Not only is the community kitchen and dining hall beautiful on the outside, it features two outdoor grills and a large wood-fired brick oven!
We gathered in the kitchen with other residents, interns and volunteers to circle up and announce the food. This was by far the healthiest meal I had eaten since leaving Lost Valley. The all vegetarian meal had been grown onsite, and cooked by the full-time kitchen staff – a unique position I hadn’t seen in a community yet, but with their high volume of people for programs and events, they needed full-time kitchen staff.
I filled my plate and joined everyone at the row of picnic tables under the shade trees outside. The conversations were lively, and one of the volunteers bought an OAEC cookbook and flipped through it with amazement.
I was cutting close on my timeline to leave for my next destination at Frongsong Cohousing, so I thanked the nursery volunteer coordinators for having me and asked if I could walk through the lower part of the campus on my way out. I was given the green light and explored the hill-side gardens, permaculture educational gardens and other outdoor classrooms.
The view of the OAEC gardens from the bottom of the hillside looking up toward the guest houses.
The middle of the hillside gardens, on the trail to the outdoor classrooms and theater stage.
Here’s a picture of the outdoor classroom, where the permaculture students just finished one of their wild-crafting classes.
Here is the outdoor theater, which is commonly used for performances, plays and other skits. (YouTube Playlist)
Here’s a clip of the guest residences on my way back to the plant nursery.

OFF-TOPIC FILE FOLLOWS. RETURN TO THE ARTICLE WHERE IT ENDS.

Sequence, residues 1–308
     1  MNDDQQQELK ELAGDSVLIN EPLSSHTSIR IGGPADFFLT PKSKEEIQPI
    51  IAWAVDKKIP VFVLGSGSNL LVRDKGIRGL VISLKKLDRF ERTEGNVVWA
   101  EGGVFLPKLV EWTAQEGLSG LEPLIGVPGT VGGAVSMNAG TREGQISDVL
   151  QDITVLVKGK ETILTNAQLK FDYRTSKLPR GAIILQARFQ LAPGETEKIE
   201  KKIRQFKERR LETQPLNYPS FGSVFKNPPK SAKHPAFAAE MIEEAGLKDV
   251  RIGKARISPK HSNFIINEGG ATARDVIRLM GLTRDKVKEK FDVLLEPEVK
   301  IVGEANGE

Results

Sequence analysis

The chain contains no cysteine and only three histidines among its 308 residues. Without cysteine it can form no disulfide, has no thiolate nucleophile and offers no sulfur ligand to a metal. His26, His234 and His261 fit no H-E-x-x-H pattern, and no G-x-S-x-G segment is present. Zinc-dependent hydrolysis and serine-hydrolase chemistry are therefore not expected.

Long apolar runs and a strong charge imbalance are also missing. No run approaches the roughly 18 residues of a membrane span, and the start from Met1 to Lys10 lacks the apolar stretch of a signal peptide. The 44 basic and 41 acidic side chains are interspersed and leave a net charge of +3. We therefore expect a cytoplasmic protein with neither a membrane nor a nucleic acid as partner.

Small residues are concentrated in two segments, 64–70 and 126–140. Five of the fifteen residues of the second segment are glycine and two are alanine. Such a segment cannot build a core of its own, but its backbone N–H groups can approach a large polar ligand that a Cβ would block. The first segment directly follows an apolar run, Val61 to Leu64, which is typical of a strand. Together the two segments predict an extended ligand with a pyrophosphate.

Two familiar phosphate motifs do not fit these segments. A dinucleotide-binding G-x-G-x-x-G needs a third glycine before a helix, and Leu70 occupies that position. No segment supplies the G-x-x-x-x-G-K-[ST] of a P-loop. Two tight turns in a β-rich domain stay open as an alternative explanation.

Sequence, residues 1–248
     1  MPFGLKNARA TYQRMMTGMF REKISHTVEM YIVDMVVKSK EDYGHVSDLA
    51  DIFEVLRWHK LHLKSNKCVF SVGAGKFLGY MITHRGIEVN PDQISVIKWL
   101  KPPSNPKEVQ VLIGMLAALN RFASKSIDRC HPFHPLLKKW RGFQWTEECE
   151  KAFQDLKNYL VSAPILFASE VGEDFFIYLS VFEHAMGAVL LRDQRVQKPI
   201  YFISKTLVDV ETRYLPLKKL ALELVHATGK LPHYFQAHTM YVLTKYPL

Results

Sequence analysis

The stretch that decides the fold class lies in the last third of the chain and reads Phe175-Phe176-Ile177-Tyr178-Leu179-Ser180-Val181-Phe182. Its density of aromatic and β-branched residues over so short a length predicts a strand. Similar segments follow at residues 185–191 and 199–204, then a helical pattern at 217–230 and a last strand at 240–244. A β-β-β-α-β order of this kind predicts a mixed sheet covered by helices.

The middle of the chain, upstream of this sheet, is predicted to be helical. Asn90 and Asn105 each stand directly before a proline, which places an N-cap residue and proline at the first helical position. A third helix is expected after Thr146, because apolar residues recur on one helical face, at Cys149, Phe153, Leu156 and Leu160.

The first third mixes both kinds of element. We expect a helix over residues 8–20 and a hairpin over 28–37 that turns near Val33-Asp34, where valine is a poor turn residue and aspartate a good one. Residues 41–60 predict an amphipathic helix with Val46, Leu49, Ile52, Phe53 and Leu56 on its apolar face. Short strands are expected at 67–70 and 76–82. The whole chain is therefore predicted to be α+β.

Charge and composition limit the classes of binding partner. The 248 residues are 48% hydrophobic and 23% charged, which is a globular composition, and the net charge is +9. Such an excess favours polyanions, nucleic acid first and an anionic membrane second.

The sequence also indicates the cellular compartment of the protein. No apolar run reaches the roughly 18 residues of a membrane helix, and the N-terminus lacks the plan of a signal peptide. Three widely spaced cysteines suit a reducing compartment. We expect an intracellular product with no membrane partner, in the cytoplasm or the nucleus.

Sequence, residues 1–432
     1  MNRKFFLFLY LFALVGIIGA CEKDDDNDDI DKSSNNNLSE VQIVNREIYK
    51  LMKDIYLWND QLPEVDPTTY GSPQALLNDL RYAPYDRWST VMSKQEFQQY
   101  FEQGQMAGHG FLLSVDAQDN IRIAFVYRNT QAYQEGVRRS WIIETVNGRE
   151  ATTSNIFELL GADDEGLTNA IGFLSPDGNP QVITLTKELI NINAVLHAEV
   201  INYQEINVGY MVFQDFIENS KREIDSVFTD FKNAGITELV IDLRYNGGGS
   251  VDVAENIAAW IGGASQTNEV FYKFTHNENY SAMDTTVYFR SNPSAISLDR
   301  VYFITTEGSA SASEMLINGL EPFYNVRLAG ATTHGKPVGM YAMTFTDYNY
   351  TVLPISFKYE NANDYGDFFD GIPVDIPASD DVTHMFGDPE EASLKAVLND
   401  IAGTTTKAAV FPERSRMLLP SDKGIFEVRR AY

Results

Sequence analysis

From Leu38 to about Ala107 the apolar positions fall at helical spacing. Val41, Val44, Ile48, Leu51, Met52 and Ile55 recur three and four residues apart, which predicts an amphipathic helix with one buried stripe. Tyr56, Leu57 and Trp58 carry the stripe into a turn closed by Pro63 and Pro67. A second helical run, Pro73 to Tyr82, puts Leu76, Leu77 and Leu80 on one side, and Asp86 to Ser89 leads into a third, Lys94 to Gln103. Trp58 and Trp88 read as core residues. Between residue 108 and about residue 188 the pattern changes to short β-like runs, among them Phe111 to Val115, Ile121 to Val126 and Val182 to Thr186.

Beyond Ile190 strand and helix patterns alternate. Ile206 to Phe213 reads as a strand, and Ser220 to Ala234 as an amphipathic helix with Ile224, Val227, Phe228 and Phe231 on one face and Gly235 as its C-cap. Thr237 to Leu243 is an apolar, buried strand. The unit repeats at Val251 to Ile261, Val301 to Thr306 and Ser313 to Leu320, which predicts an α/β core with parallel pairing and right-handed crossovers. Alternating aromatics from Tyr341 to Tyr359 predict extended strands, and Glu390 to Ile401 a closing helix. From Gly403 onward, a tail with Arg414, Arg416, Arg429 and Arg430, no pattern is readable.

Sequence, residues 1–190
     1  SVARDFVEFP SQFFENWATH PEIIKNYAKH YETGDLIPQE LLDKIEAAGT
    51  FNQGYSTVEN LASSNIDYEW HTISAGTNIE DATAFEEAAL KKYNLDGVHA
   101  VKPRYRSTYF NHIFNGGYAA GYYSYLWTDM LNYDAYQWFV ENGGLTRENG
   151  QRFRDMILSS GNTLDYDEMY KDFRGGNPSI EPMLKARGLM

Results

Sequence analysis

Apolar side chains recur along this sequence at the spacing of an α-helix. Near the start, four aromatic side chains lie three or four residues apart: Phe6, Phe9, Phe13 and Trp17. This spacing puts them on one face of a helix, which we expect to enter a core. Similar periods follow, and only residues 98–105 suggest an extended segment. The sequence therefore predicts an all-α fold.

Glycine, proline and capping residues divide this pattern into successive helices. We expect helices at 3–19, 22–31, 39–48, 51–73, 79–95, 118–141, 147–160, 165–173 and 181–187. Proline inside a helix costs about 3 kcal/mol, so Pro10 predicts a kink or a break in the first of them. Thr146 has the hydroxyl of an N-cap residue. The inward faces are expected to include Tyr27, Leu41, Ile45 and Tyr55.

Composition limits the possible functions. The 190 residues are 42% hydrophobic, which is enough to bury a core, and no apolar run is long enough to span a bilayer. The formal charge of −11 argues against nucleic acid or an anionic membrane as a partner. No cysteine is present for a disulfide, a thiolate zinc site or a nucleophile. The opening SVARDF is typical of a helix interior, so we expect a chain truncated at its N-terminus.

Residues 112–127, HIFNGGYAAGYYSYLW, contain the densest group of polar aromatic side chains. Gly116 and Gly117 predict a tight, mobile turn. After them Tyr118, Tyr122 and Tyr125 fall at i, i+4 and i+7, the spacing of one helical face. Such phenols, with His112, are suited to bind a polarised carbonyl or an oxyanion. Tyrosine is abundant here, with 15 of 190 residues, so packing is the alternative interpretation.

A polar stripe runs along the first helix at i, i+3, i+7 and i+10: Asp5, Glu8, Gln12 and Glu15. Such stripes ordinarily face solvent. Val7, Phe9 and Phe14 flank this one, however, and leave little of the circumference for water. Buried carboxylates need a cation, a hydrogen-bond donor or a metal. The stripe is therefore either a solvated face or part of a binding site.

One last view of the hillside gardens from the top trail looking down toward the outdoor theater.
Here’s a final clip of OAEC’s nursery and greenhouse before I left for my next destination.
More about Occidental Arts & Ecology Center (OAEC):
- Visual Tour of OAEC’s Facilities Webpage – (Includes an aerial video tour)
- OAEC’s Projects & Partnerships – The organization has developed a highly diverse yet interrelated suite of projects and partnerships that address the root causes of some of the urgent ecological, economic, and social crises of our time. See more about projects here.
- The Resilient Schools Program supports schools and school districts in designing long-term ecological, economic and bio-cultural resilience into their curricula, campus and community. OAEC believes in the power of educational institutions – incubators of the next generation of leaders and systems designers – to serve as community hubs for ecological literacy, intergenerational engagement and cross-sectoral collaboration of interdependent stakeholders co-designing their own thriving community in the context of climate disruption.
- Resilient Community Design uses a developed, theoretical framework paired with down-to-earth, hands-on techniques that can be used by any group of land-based people according to their needs and their place. User-driven participatory methods are at the root of the approach because they believe all people have the right, the knowledge, and the ability to best determine an ecologically regenerative, economically viable and socially just future for themselves